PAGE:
TAGS: Morning Rush

Revisiting the 1970s Murder of a Native American Activist

Revisiting the 1970s Murder of a Native American Activist

On my must-read list this weekend is a NYT Magazine piece about the murder of radical Native American activist Anna Mae Aquash. The body of 30-year-old Aquash, a mother of two and a leader of the Black Panther-modeled American Indian Movement (AIM) was found in early 1976 along the edge of the Pine Ridge Reservation in South Dakota. She had been shot at close range. Only over the last decade however have authorities determined that, “her killing was in fact an inside job, orchestrated by AIM members who believed she was working as an F.B.I. informer.” How do you reconcile that?

And btw, here’s one telling description of Aquash, a Mikmaq from Canada, as taken from a letter she once wrote to her sister:

“These white people think this country belongs to them. The whole country changed with only a handful of raggedy-ass pilgrims that came over here in the 1500s. And it can take a handful of raggedy-ass Indians to do the same, and I intend to be one of those raggedy-ass Indians.” On her first night in South Dakota, [AIM leader, Dennis] Banks told her that newcomers were needed on kitchen duty. “Mr. Banks,” she replied, “I didn’t come here to wash dishes. I came here to fight.”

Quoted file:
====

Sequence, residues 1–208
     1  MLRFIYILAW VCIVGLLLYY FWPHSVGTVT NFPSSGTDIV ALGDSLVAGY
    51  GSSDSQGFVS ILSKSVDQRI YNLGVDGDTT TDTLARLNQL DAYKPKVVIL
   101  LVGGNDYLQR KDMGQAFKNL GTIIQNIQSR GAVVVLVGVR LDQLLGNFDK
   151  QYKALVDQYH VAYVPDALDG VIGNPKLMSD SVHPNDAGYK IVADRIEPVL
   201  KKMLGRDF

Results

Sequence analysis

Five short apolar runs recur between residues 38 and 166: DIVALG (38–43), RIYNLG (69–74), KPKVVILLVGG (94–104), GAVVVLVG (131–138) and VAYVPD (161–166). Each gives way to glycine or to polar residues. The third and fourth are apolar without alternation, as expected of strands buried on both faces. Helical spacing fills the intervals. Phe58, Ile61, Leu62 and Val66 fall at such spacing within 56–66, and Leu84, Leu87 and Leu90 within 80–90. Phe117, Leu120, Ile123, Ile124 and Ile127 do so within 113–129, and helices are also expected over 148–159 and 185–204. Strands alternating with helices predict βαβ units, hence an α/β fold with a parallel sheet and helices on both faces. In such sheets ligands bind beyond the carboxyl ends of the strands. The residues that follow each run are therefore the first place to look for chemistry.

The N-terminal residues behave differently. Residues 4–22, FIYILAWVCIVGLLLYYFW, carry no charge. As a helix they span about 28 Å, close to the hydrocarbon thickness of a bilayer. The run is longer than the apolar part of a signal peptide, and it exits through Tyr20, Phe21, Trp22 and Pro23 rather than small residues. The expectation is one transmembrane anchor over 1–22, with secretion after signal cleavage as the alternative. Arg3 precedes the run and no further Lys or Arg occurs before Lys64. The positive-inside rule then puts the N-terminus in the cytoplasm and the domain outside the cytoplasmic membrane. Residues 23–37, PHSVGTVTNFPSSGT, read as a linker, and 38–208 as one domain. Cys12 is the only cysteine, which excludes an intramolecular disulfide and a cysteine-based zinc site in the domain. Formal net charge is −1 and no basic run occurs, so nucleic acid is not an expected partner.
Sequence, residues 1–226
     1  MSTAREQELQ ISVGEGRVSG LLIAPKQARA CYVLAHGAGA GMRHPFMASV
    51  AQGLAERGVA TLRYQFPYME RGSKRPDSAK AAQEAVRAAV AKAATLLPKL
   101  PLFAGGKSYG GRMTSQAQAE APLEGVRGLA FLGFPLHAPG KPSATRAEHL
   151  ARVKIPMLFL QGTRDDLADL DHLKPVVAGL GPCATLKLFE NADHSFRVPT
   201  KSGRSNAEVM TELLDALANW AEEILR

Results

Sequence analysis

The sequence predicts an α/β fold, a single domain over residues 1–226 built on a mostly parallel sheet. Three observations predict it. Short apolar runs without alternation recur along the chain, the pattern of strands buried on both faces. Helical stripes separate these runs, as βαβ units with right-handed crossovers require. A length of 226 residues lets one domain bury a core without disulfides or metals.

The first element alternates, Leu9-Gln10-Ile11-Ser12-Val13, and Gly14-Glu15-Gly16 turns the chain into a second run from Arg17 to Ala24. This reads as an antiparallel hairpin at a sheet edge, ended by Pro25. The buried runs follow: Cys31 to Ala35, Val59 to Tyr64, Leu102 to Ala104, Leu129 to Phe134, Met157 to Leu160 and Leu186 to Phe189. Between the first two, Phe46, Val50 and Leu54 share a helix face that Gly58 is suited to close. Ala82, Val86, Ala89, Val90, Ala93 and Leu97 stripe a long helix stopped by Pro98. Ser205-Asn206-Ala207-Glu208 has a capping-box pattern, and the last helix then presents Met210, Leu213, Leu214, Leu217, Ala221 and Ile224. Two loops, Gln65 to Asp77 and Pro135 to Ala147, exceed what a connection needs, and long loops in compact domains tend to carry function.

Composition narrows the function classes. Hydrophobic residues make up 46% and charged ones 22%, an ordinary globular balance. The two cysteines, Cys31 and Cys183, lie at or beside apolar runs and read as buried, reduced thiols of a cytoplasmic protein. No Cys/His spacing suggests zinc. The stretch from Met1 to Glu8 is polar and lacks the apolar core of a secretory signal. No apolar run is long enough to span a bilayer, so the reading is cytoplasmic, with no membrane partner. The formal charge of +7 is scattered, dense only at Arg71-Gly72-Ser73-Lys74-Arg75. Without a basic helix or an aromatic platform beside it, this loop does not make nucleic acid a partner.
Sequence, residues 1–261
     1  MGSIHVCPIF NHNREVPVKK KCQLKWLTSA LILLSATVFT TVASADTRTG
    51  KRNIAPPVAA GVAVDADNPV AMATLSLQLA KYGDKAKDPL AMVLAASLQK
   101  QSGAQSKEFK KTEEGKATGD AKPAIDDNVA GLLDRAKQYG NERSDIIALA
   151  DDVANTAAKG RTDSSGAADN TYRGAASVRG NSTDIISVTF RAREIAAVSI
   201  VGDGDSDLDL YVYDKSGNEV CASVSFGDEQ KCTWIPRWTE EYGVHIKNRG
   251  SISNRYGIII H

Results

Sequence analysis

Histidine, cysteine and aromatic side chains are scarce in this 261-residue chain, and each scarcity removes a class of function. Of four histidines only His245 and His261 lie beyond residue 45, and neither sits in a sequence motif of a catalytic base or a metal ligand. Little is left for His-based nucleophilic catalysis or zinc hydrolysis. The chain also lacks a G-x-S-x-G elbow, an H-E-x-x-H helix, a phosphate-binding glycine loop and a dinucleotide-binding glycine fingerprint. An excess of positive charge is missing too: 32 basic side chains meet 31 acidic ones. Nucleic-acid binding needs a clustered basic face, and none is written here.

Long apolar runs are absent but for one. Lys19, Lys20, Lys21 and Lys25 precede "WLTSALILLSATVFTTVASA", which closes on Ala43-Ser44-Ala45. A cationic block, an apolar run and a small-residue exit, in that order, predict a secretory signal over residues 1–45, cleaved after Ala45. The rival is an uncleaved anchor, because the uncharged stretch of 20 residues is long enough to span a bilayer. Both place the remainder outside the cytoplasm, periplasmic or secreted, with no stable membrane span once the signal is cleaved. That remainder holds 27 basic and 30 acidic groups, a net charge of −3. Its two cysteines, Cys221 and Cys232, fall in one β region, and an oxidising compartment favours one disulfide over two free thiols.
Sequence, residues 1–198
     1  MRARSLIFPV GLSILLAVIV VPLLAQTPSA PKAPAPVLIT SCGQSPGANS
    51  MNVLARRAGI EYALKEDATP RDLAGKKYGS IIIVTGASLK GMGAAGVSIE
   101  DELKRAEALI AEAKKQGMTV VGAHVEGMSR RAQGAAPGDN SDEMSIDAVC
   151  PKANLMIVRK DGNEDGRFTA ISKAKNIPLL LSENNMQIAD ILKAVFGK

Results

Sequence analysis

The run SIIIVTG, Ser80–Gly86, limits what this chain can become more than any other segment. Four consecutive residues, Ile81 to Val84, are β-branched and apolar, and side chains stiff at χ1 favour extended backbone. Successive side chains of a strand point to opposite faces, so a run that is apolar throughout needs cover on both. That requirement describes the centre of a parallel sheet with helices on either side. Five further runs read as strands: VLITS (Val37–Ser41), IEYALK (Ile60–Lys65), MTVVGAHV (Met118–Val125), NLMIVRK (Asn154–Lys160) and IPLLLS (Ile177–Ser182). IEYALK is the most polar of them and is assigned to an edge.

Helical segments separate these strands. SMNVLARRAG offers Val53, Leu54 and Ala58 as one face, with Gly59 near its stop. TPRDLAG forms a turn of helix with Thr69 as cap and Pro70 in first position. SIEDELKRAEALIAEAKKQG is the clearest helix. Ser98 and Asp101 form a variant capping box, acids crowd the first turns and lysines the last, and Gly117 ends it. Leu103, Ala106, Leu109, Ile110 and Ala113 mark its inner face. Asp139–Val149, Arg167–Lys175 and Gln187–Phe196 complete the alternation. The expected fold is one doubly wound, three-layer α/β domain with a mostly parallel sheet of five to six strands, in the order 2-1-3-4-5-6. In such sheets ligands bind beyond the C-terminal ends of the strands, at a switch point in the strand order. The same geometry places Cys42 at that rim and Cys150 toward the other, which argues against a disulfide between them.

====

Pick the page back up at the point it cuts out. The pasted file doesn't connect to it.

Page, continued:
In Minneapolis, Columbus Day Becomes Indigenous People’s Day

In Minneapolis, Columbus Day Becomes Indigenous People's Day

Today the 13-member Minneapolis City Council unanimously voted to recognize another holiday on the same day as Columbus Day: Indigenous People’s Day.

“This has been a long time coming and people are going to feel really good about how we’re moving forward and advancing a racial equity agenda that really elevates the voice and contributions of American Indian people,” said the resolution’s author, council member Alondra Cano, CBS reported.

The name change came after “many” years of advocacy by Native American activists, the StarTribune reported. Hundreds came out to the city council for this morning’s vote.

The new name will replace Columbus Day on all city communications and will go into effect this year, but won’t officially do away with the name Columbus Day. Rather, Minneapolis will also recognize Indigenous People’s Day on the same date, the StarTribune reported.

Head to the StarTribune website for some great photos of today’s vote.

Report: At Least 14 Heat-Related Deaths in Texas Prisons Since 2007

Report: At Least 14 Heat-Related Deaths in Texas Prisons Since 2007